The Fabulous Beekman Boys' Barn-Raising Potluck
TV's fabulous Beekman boys, America's most unlikely goat farmers, step back in time with an old-fashioned barn raising and a potluck with their spectacular neighbors.
Beekman Mansion. © Fredrika Stjarne.
We call ourselves "accidental farmers." We didn't plan to buy the Beekman Farm in Sharon Springs, New York. We were on a weekend apple-picking trip when we got lost and stumbled on the place. One of us (Brent Ridge) was the vice president of healthy living at Martha Stewart Living Omnimedia. The other (Josh Kilmer-Purcell) was an advertising executive and the author of I Am Not Myself These Days, a memoir about his life as a drag queen. We'd always considered ourselves city dwellers. But when we drove by the Beekman mansion, built in 1802, we knew we had to have it.
By the next spring, it was ours. And within a few months, we got a letter from a farmer named John who needed to find a new home for himself and his 88 goats. It's hard to say no to homeless goats, so we took them in. To use up all the goat milk, we created a company, Beekman 1802. We sell our goat-milk soap and cheese on the Beekman 1802 website, as well as housewares from local craftspeople. Anyone who has read The Bucolic Plague, Josh's chronicling of our first few years at the farm, or seen our reality-TV show on Planet Green, called The Fabulous Beekman Boys, knows that our dream has had its share of nightmares—"zombie flies" that show up when the weather is warm, a ghost named Mary—but we've never stopped. As long as there's a golden carrot planted somewhere in the garden, we'll keep digging.
Mitchell Owens. © Fredrika Stjarne
Life on the farm has taught us many things, including how to grow more than 110 varieties of heirloom vegetables. But more than anything, we've learned what it's like to step back in time a bit, to an era when people really knew their neighbors and depended on them. Last summer, when we needed to make some upgrades on our property, we asked our Sharon Springs friends to join us for a barn raising. Entire villages used to come together to help a farmer erect his barn, knowing that at some point they would need the favor returned.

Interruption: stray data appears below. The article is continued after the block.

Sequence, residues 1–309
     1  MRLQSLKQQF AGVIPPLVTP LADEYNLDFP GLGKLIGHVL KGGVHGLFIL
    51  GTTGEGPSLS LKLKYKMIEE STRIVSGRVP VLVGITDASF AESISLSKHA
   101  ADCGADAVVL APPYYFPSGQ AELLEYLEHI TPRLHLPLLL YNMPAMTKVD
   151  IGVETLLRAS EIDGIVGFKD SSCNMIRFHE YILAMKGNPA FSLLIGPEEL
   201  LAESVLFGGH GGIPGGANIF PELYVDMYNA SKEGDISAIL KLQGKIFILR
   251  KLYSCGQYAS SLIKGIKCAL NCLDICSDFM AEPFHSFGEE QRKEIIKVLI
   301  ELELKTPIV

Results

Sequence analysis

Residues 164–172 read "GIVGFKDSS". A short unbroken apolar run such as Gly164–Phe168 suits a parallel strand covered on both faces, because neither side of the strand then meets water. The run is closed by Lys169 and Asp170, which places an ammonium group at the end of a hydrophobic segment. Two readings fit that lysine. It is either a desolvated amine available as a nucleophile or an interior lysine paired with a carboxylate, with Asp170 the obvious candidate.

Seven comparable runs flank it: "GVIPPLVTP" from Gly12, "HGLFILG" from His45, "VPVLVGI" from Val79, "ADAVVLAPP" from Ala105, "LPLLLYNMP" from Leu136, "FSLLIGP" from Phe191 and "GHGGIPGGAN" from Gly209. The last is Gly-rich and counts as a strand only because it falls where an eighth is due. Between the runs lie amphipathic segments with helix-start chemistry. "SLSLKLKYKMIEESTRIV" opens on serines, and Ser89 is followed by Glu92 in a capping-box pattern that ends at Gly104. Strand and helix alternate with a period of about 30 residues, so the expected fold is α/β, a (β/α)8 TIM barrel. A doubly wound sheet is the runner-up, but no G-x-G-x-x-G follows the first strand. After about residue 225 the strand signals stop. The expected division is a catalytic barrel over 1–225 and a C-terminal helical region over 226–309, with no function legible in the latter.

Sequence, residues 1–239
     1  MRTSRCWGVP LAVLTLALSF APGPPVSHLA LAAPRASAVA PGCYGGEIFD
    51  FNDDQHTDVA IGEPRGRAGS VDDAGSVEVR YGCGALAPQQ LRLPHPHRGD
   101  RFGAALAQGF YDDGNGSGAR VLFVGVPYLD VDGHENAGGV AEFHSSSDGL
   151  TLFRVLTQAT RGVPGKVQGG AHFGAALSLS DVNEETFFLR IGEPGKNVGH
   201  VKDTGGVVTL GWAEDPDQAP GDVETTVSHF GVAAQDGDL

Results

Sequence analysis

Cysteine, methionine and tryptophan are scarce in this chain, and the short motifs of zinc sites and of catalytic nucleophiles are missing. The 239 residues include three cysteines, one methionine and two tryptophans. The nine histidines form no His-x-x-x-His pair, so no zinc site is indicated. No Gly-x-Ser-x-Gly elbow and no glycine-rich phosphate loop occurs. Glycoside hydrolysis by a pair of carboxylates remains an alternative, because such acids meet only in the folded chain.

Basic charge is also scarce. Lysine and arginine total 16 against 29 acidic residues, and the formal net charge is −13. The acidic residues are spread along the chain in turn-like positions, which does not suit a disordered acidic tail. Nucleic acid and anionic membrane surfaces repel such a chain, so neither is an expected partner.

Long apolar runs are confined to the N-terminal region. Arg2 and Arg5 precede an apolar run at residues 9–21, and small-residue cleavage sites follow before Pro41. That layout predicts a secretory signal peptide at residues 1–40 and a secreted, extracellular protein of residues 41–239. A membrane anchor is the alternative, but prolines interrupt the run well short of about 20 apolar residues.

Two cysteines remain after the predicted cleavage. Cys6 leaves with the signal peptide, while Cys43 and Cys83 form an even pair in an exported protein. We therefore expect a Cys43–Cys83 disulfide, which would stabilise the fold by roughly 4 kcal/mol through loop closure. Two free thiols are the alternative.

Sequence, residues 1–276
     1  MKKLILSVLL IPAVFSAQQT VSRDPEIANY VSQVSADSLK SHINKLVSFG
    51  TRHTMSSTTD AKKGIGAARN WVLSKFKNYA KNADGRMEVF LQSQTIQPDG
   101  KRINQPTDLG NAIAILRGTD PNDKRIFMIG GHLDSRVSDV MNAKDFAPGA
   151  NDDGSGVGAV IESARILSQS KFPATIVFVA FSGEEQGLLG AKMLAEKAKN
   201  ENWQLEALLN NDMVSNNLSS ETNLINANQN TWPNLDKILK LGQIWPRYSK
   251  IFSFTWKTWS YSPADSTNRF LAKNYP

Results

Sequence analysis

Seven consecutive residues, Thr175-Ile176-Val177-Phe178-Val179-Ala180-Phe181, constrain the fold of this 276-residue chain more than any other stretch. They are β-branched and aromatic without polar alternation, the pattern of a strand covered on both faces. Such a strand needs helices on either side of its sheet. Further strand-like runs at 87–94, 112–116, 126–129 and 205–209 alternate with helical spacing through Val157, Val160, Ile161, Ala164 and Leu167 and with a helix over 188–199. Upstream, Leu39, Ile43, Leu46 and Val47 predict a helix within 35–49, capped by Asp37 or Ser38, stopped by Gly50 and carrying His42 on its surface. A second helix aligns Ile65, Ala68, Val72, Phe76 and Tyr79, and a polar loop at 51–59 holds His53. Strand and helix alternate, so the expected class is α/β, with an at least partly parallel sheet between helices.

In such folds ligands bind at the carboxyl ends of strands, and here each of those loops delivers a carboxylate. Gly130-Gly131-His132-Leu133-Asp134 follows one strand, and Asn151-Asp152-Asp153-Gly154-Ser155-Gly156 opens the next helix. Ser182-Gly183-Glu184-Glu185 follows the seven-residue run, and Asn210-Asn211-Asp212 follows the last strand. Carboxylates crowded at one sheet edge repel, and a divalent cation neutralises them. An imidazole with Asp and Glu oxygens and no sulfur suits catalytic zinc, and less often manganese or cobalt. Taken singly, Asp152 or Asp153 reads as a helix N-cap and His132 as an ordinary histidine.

Our barn was already built—it just needed a fresh coat of paint—but we still wanted to raise something, so one group helped us put up a new Windspire wind turbine while another group of "synchronized painters" did their work (though more than a few kept sneaking off to skinny-dip in the pool during the heat of the day). Our friend Kat Kinsman, the managing editor of the Eatocracy blog on cnn.com, kept the troops well hydrated with her surprisingly refreshing yellow tomato lemonade. The goats watched in awe as their barn was transformed into a sparkling new, eco-conscious home.
Dinner party. © Fredrika Stjarne.
Afterward, we set up long hand-hewn tables in our flower garden. Friends brought food, and we passed it around family-style. Using vegetables from our garden, we made some of our signature recipes from The Beekman 1802 Heirloom Cookbook, due out in October 2011. We like to reinvent classic dishes, so instead of serving a cold cucumber-dill salad, we braised the cucumbers in butter until they were silky but still crisp. Our corn chowder salad—a tumble of caramelized potatoes, crisp bacon and the sweet corn we grow—is lighter than its namesake soup.
Doug Plummer, one of our first friends in Sharon Springs, seemed to be allergic to the paintbrush that day, perhaps because he's put years of hard work into restoring The American Hotel, a historic local institution. As one of the chief skinny-dipping instigators, he also managed to dodge his cooking duties and farm them out to the hotel's chef, Lee Woolver. We're glad he did: Lee grilled swordfish steaks and served them with a lovely herb butter that he mixed with lima beans from our garden.
Doug was the only one all day to point out the obvious: We had invited people over with the promise of a feast, but really we just needed a supply of cheap labor. But if there's one thing we've learned in moving from the city to the farm, it's that fun and hard work are not necessarily mutually exclusive.